Two Impromptu Eggy Things
March 13, 2016
The First Eggy Thing
So there I was going home to an almost-empty refrigerator. Because we were leaving town in two days, I had been assiduously emptying the fridge: no leftovers, no fresh veggies that needed to be used up. So WHAT could I fix for dinner? How can the Queen of Leftovers function if there are none?
We had eggs. And we had the remains of a bunch of parsley plus half a handful of arugula. This would have to be supper!
I beat four eggs (for two of us), then chopped and added all the parsley and arugula plus salt and pepper. Filmed a skillet with olive oil. Added the egg mixture in quarter-cup batches, making a series (five in all) of little egg pancakes: quick cooking, first on one side, then the other. I let them cool (because they are good at room temperature) while I drank a glass of herby white Vermouth. And then I toasted some bread and laid an egg pancake (laid an egg—hah!) on each slice of toast. Finger food while we watched an old George Gently police procedural.
Other ways to use this idea: I could have added two tablespoons of water to the eggs-and-herbs, which would have made a thinner little omelette, one that could be rolled around—what? Baby shrimp? Cooked veggies like onions or green beans or artichoke hearts. Or tiny fried croutons? But I was looking (as usual) for quick and easy. My baby omelette/pancakes were, at a quarter of an inch thick, too thick to roll. But they were good.
The Second Eggy Thing
Here's a different kind of egg idea. It is "impromptu" only if you have leftover biscuit dough waiting in the wings (or in the refrigerator). Do you remember that we talked about biscuit dough a couple of weeks ago? (Scroll down to it if you've forgotten.) Since I am cooking for only two these days, a full recipe of biscuit dough (i.e., based on two cups of flour) is twice what we need. So I generally bake up half of the dough and refrigerate the rest (well wrapped) for another day. Here's an egg-centered idea for using that dough.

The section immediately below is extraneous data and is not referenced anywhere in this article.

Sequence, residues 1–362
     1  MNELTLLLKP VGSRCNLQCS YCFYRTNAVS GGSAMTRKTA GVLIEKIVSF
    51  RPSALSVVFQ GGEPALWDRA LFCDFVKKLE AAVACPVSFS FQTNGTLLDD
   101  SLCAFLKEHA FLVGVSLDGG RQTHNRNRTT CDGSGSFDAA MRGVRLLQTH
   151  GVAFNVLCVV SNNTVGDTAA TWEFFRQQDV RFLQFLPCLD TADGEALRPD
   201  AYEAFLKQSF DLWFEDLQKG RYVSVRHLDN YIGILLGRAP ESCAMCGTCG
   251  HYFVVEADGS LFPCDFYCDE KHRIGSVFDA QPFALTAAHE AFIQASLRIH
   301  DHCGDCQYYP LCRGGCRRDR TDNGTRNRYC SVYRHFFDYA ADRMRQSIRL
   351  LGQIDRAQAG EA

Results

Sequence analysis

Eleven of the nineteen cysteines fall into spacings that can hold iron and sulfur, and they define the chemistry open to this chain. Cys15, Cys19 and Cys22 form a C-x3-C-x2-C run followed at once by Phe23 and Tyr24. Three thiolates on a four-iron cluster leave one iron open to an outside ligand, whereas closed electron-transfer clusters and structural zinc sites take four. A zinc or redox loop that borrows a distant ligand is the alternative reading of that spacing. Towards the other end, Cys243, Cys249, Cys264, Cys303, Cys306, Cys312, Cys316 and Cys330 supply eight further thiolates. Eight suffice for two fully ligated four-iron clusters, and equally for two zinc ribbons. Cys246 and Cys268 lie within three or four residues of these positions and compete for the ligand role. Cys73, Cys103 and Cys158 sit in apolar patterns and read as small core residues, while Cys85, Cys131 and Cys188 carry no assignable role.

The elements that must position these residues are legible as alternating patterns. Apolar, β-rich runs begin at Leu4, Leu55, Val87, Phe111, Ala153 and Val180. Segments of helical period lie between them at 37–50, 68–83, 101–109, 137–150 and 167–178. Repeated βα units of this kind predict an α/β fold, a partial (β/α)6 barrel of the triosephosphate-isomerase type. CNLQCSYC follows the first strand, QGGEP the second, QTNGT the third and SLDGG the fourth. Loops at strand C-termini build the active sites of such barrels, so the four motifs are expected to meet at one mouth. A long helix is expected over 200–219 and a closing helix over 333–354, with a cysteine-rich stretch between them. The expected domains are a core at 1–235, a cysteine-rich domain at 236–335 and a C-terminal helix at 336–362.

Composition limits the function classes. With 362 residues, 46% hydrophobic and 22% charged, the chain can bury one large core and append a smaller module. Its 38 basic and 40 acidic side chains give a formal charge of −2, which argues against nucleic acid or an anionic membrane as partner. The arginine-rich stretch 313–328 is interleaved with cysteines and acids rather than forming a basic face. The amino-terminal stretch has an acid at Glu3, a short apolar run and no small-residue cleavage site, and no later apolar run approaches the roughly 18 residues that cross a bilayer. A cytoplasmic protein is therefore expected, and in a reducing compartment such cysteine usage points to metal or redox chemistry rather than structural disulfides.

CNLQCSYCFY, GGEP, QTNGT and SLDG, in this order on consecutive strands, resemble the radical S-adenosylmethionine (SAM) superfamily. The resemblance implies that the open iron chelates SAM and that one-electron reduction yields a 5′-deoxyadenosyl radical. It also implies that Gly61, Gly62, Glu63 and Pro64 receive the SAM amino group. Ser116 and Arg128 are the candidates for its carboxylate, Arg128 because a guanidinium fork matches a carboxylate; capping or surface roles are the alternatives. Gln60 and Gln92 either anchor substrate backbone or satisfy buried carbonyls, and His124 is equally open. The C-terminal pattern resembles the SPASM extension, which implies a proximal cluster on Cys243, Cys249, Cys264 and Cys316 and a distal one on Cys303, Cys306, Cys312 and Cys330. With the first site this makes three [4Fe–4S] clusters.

Preheat the oven to 375 degrees. Cut the leftover dough into four pieces. On a floured board, roll out each piece to about a quarter of an inch thickness, keeping it to a more-or-less oblong shape, roughly four by eight inches. Lay this thin piece of dough in a mold--a large muffin tin or a tart pan*-- letting half the dough lie in the mold while the other half trails off to the side. Now break an egg into the dough in the mold, season it with salt and pepper**, and fold the other half of the dough over the top, crimping the edges to seal. You can brush the top now with a bit of milk or melted butter or beaten egg, any of which will give a glossier look to the finished egg-and-biscuit-sandwich. But if you are in a rush, don't bother. It will be perfectly edible without the gloss.
Bake for about 15 minutes, or until the biscuit has become brown and crispy. Use a small spatula to unmold the sandwich. The hidden egg will surprise everyone. (Isn't the picture cute?)
*I have some little 4x4 white ceramic tart pans that are a bit over half an inch deep. They were perfect for this. A regular-sized muffin tin will be too small to hold the dough AND the egg, and the egg will spill out, making a mess before you even get it into the oven. If you have no suitable pan, you can put the rolled-out dough onto a cookie sheet, shove the edges up, making a lip to keep the egg white from escaping. Break the egg onto half of the dough then quickly fold the other half over and seal the edges. But a tart pan is easier.
**Add any other seasoning you like: Sriracha, grated cheese, powdered chipolte chiles, a bit of grated onion.